Fried Chicken, more fried chicken, pizza, fried chicken, fried chicken and more fried chicken. That’s what entrees were available at the potluck for my child’s class last week. I know people are busy and don’t have time or want to cook. I know that store bought or take out is more convenient and I have no problem with this. But I also know that there are plenty of store bought and take out opportunities that are a lot healthier than fried chicken.

If asked to donate books to the school, I doubt that these parents would choose poorly written stories or books portraying anti-social or illegal activities as desirable outcomes. They want the best for their children (this was a potluck at a private school)and will complain if they believe their child is not getting the best available. So why do they choose fried chicken?

I wonder what these parents are thinking when they purchased all of this chicken. I don’t know all of these parents well, but as a group they are educated and upper middle class or above. It never ceases to surprise me that when we try to provide the best for our children, nutrition is often over looked.

These parents want the school to provide positive role models for their children. They want the best teachers, the most current technology, plus theatre, sports, dance, art, foreign language, advanced placement classes, international studies and travel opportunities, and healthy food at the cafeteria. They want recycling, volunteering opportunities,and college ready young adults at graduation. I am all for this, but I also see that I have a role to play as well. It is my job to model appropriate food choices by providing nourishing food. I know potlucks are parties and are for fun–but let’s also remember that we are always influencing our kids, even through our food choices.

The Ying and Yang of Halloween

Trick or Treat time. Once again many of us are plagued by the ying yang of what to do. Give out candy, which perpetuates poor health and health habits, or give out something healthy that kids will likely throw away. I have two suggestions. One is to give out non-food items. There are many inexpensive and small items kids like to have. Try temporary tattoos, shiny rocks, shells, pencils, erasers, small rubber balls, glow sticks, stickers or even coins. If you are feeling creative, make something yourself. Give each child one or two pieces of origami paper and directions to make an animal. Buy a book of Mad Libs or crossword puzzles. Give each child a page of the book, rolled up with a ribbon. You can even make your own mad lib or crossword puzzle. Find the directions to a unique paper airplane and attach them to the appropriate size piece of paper.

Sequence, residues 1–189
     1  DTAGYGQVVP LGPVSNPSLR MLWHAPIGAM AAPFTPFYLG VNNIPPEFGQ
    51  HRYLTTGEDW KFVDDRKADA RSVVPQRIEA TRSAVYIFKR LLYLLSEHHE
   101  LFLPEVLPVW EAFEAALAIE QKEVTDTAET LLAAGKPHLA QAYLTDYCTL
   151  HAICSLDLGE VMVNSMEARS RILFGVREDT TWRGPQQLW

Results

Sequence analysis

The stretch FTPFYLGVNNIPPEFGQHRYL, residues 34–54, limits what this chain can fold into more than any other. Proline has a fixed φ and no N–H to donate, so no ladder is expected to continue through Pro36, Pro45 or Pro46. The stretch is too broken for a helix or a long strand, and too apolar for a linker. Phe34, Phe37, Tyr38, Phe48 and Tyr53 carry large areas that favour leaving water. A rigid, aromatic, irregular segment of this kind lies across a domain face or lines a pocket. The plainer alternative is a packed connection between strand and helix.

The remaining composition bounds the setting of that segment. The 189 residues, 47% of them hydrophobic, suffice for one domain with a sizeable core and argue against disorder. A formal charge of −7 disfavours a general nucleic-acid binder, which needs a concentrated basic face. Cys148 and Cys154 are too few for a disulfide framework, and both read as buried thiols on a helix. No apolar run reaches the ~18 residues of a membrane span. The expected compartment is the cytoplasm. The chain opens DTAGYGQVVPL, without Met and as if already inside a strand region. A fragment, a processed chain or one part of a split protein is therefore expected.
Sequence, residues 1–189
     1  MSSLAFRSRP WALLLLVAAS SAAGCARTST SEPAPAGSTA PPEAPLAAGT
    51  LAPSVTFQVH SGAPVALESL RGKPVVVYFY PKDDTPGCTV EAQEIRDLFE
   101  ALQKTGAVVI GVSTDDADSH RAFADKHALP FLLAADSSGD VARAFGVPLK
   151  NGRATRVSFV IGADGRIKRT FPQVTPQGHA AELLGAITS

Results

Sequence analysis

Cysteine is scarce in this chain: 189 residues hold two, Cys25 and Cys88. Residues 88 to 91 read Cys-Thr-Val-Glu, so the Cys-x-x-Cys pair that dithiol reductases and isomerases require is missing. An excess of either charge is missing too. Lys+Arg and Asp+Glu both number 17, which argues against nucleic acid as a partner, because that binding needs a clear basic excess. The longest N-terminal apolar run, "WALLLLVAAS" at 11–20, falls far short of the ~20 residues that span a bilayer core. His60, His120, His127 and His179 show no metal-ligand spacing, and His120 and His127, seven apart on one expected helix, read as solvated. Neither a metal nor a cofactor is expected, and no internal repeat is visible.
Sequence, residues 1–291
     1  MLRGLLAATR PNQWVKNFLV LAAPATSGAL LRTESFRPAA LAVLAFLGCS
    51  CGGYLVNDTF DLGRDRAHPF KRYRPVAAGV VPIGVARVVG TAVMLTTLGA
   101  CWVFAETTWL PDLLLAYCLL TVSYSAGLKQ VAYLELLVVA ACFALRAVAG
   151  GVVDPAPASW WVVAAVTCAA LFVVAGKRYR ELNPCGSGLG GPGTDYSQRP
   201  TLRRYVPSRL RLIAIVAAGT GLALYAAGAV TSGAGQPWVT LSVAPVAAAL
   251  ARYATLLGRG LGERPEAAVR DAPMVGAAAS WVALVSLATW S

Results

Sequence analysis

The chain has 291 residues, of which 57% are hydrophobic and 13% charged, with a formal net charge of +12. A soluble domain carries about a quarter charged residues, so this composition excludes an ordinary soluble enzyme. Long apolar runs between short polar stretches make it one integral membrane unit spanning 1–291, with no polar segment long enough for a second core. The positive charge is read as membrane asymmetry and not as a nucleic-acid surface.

If you want to give out candy type items I recommend sticking with real food. By real food I mean nuts, seeds, dried fruit (with no sugar added), honey based treat (as opposed to high fructose corn syrup) and popcorn. Buy small individual serving size bags of sunflower seeds, nuts or pumpkin seeds; or bag them yourself. There are several different brands of sesame honey candy available. Even peanut brittle is real food; nuts and sugar. Dried fruit such as raisins, mango and berries are widely available, but also may require you bagging them in small sizes.

Popcorn is great for kids. If you like you can pop it yourself and give it out warm in small bags. The children can eat it as they walk from house to house. You can also give out small bags of unpopped popcorn kernels with directions on how to pop it on the stove top with oil. Many children think popcorn needs to be micro waved and are amazed that it can be popped in a pot. Please do not give out microwave popcorn, the bag liners have carcinogenic ingredients that escape into the popcorn when heated. Also, flavored popcorn usually has high levels of food coloring, artificial flavors and salt. Another corn based real food is dried corn kernels. These also come in small snack bags.

Although honey is just pure sugar, it is a natural real food. Purchase honey in small plastic tubes. Also, the amount of honey in the tubes is very small, but kids love to suck it out. You might consider serving real apple cider on Halloween night, let the kids and adults drink it at your home. Warm the cider if it is cold on Halloween night. Hot chocolate, made with real milk, may also be appreciated in some areas of the country. So enjoy, and have a great, guilt free evening.